provenance: unknown

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More on WorldCom

Just to follow up on this site's earlier discussion of the uncertain reasoning of (now former) WorldCom CFO Scott Sullivan, the New York Times reported Thursday that Sullivan tried to persuade the individual conducting the company's internal audit (the one that ultimately uncovered his $3.8 billion accounting abuse) to delay her review until later in the year.

He didn't, however, try to convince the auditor, Cynthia Cooper, to drop the audit entirely. The Times also reports that Sullivan told WorldCom directors that he intended to "write down" the expenses in question in the second quarter of this year — i.e., subtract them from WorldCom's reported cash flow. No doubt he was thinking, better late than never.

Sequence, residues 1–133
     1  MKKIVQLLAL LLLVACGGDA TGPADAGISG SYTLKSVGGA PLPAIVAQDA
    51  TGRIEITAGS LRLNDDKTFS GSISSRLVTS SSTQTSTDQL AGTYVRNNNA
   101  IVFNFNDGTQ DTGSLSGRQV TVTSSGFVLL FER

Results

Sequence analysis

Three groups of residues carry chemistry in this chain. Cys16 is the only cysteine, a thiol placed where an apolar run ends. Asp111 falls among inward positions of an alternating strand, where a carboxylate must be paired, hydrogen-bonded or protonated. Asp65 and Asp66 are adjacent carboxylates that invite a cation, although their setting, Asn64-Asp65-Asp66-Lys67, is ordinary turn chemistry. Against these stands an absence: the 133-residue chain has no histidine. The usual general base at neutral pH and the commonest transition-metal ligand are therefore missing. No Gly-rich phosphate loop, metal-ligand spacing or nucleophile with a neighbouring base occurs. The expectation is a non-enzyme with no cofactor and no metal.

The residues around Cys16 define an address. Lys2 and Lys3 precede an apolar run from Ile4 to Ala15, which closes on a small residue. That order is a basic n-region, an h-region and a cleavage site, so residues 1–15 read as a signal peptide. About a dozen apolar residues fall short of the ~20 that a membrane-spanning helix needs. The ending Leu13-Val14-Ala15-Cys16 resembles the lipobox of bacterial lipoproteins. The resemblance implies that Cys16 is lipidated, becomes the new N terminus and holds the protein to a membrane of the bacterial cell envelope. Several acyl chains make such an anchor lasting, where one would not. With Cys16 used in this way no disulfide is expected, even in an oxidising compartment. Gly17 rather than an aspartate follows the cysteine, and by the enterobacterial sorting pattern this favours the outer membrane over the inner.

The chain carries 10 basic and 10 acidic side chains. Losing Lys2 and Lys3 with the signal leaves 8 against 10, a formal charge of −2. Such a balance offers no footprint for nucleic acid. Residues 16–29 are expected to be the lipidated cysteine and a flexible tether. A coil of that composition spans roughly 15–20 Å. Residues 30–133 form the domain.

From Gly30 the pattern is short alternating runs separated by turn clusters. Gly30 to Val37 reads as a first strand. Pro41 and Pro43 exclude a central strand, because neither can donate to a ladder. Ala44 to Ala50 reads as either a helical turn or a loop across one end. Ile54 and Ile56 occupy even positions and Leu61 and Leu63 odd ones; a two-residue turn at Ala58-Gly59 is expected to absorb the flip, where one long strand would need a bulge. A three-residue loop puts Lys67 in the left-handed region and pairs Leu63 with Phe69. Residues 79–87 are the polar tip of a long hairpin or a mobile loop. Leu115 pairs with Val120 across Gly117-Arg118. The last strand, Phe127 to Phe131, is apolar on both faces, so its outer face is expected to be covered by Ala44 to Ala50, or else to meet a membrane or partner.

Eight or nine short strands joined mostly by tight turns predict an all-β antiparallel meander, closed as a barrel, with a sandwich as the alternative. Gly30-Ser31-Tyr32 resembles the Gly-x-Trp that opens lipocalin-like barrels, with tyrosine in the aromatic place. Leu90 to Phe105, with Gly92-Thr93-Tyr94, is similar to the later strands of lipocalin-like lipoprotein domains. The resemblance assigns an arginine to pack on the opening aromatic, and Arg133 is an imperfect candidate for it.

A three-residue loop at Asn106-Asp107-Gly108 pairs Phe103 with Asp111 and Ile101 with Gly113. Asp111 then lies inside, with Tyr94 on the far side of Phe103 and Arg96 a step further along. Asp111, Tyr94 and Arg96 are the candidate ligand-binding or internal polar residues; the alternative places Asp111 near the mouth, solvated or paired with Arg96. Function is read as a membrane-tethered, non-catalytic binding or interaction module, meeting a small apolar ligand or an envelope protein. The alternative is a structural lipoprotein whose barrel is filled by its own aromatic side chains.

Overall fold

He also must have been thinking long term, hoping it would all work out in the end — especially given that he hadn't sold any of his WorldCom stock in the past two years. But it still doesn't make sense; even if he did succeed in delaying the audit and re-adjusting the accounts, the review would still have uncovered the abuse, and failure to report it would have constituted fraud. I still can't figure how he could possibly not realize this had to come out, sooner or later.

July 6, 2002 1:41 PM


I think most crimes have three steps: best intention, justification, denial.


Posted by rob adams on July 8, 2002 10:42 AM

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